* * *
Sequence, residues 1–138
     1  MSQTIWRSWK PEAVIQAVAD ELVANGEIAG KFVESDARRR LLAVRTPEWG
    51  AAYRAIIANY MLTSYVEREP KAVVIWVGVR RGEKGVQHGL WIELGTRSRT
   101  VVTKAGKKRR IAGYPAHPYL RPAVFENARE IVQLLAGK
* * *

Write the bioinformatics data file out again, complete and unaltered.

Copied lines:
Sequence, residues 1–138
     1  MSQTIWRSWK PEAVIQAVAD ELVANGEIAG KFVESDARRR LLAVRTPEWG
    51  AAYRAIIANY MLTSYVEREP KAVVIWVGVR RGEKGVQHGL WIELGTRSRT
   101  VVTKAGKKRR IAGYPAHPYL RPAVFENARE IVQLLAGK